Author + information
- Received November 17, 2015
- Accepted November 19, 2015
- Published online March 28, 2016.
- Alessandra Giavarini, MDa,
- Giovanni Longo, MDa,∗ (, )
- Jian Chen, MDa,
- Rubén Rodríguez, MDa and
- Carlo Di Mario, MD, PhDa,b
- aNational Institute for Health Research, Cardiovascular BRU Royal Brompton & Harefield NHS Foundation Trust, London, United Kingdom
- bNational Heart & Lung Institute Imperial College, London, United Kingdom
- ↵∗Reprint requests and correspondence:
Dr. Giovanni Longo, National Institute for Health Research Cardiovascular BRU, Royal Brompton Hospital, Sydney Street, London SW3 6NP, United Kingdom.
A 59-year-old man symptomatic for effort angina, despite the maximal tolerated dose of beta-blockers and calcium-channel-blockers, presented clear evidence of inducible ischemia at the myocardial perfusion scan. Multislice computed tomography coronary angiogram showed a 60% long stenosis within a myocardial bridge (MB) in the mid-left anterior descending (LAD) coronary artery. Selective coronary angiography in February 2013 showed a tubular, 60% to 70% stenosis in the mid-LAD, with systolic worsening but persistent in diastole (Figures 1A and 1B) and confirmed by optical coherence tomography (OCT) (Figure 1b). Metallic stents often fail in muscle bridges because of fracture, and implanting a permanent foreign body in a young patient is not appealing (1,2). Therefore, we implanted a 3.0-/28-mm bioresorbable vascular scaffold (BVS) and post-dilated with a noncompliant 3.0-mm balloon at 20 atm with optimal expansion documented by angiography and OCT (Figures 1C and 1a′ to 1d′). The patient had an initial complete disappearance of his angina symptoms, followed by a progressive recurrence starting 12 to 18 months post-implant. Repeat coronary angiography 33 months after the initial treatment showed 70% to 80% mid-LAD stenosis (Figure 1D) corresponding, at OCT, to severe in-scaffold restenosis (Figures 1c′′ to 1g′′). The patient was successfully treated with a 3.0-/15-mm (proximal) and a 2.5-/34-mm (distal) zotarolimus-eluting stent (Figure 1E).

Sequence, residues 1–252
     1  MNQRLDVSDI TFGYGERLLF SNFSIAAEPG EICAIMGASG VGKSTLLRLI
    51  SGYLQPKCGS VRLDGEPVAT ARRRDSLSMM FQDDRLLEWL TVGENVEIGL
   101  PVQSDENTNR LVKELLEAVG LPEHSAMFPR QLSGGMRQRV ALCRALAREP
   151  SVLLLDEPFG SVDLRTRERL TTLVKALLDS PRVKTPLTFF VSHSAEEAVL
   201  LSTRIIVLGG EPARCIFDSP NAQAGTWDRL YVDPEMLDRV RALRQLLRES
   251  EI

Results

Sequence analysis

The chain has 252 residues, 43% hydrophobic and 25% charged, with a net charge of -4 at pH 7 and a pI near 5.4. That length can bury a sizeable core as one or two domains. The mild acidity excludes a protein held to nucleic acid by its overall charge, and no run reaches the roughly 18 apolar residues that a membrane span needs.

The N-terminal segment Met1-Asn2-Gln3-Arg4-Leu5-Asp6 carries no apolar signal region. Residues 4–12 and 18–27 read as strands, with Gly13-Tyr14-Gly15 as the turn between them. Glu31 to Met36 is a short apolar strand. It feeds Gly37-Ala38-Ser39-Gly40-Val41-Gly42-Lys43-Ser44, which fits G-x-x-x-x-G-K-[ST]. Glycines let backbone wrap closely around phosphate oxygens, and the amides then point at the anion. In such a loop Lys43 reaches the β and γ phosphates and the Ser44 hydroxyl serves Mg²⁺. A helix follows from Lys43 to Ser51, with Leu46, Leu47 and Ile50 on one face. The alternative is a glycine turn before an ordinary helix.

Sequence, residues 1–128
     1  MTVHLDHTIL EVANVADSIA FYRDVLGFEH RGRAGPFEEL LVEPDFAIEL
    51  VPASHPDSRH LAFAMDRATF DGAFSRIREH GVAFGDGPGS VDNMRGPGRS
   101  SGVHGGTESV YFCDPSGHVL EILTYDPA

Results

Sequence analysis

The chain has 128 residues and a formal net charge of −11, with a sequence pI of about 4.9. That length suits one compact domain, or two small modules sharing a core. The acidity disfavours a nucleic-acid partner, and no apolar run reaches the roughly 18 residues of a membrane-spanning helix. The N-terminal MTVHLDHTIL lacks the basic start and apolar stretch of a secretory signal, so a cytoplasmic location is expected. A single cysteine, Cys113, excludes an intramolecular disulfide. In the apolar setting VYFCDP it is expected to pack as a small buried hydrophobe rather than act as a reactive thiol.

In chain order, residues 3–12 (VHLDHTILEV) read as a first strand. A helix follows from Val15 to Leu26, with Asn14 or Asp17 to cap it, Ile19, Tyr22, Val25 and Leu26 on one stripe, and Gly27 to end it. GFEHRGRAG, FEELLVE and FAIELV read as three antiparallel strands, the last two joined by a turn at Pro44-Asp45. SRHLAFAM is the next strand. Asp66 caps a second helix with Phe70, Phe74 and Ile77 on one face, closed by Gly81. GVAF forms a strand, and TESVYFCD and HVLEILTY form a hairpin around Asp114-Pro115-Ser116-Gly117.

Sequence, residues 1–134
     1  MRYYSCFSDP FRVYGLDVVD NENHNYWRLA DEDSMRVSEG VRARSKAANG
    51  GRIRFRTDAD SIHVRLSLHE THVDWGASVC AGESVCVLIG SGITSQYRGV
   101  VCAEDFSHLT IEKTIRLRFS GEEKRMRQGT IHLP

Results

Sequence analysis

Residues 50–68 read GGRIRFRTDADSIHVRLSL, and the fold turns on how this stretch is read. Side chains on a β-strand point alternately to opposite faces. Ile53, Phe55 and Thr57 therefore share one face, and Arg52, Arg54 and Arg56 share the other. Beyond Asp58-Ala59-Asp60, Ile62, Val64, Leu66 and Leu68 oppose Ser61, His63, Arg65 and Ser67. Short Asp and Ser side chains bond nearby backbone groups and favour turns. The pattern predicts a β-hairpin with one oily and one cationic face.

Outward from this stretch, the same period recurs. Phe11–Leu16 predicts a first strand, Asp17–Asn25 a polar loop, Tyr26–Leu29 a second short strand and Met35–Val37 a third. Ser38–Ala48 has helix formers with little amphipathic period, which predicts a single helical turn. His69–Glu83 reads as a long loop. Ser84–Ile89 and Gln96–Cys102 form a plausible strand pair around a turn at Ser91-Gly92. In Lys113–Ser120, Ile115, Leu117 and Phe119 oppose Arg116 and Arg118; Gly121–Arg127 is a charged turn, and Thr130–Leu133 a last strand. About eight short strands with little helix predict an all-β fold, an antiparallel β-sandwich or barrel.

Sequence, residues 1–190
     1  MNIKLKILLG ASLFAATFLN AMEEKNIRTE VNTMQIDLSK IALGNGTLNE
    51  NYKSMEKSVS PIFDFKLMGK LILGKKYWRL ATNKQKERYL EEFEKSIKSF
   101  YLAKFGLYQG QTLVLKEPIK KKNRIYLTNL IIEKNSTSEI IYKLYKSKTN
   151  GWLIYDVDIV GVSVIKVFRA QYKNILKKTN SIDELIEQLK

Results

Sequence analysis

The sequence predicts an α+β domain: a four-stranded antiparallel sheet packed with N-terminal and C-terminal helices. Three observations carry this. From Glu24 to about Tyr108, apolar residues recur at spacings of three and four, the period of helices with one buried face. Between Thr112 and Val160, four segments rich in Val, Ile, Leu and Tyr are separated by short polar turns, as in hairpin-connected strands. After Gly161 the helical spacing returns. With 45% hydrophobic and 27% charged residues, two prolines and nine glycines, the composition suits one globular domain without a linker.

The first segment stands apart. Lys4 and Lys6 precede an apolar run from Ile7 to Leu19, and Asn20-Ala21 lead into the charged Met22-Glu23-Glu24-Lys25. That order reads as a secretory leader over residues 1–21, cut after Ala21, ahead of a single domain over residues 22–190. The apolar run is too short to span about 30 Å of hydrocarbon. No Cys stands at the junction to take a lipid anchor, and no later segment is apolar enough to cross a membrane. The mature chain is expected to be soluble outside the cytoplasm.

The symptomatic response to stenting MBs is unpredictable, and a “temporary” scaffold that disappears over time may allow assessment of the clinical response without committing the patient to the limits of a permanent implant prone to mechanical failure (1–3). Unfortunately, the phasic extrinsic compression of MBs appears to crush the scaffold once its mechanical integrity is lost during degradation (Figures 1b′′, 1d′′, 1f′′, and 1g′′).
Dr. Di Mario has received a research grant to his institution and speaker’s fees from Abbott. All other authors have reported that they have no relationships relevant to the contents of this paper to disclose.
- Received November 17, 2015.
- Accepted November 19, 2015.
- American College of Cardiology Foundation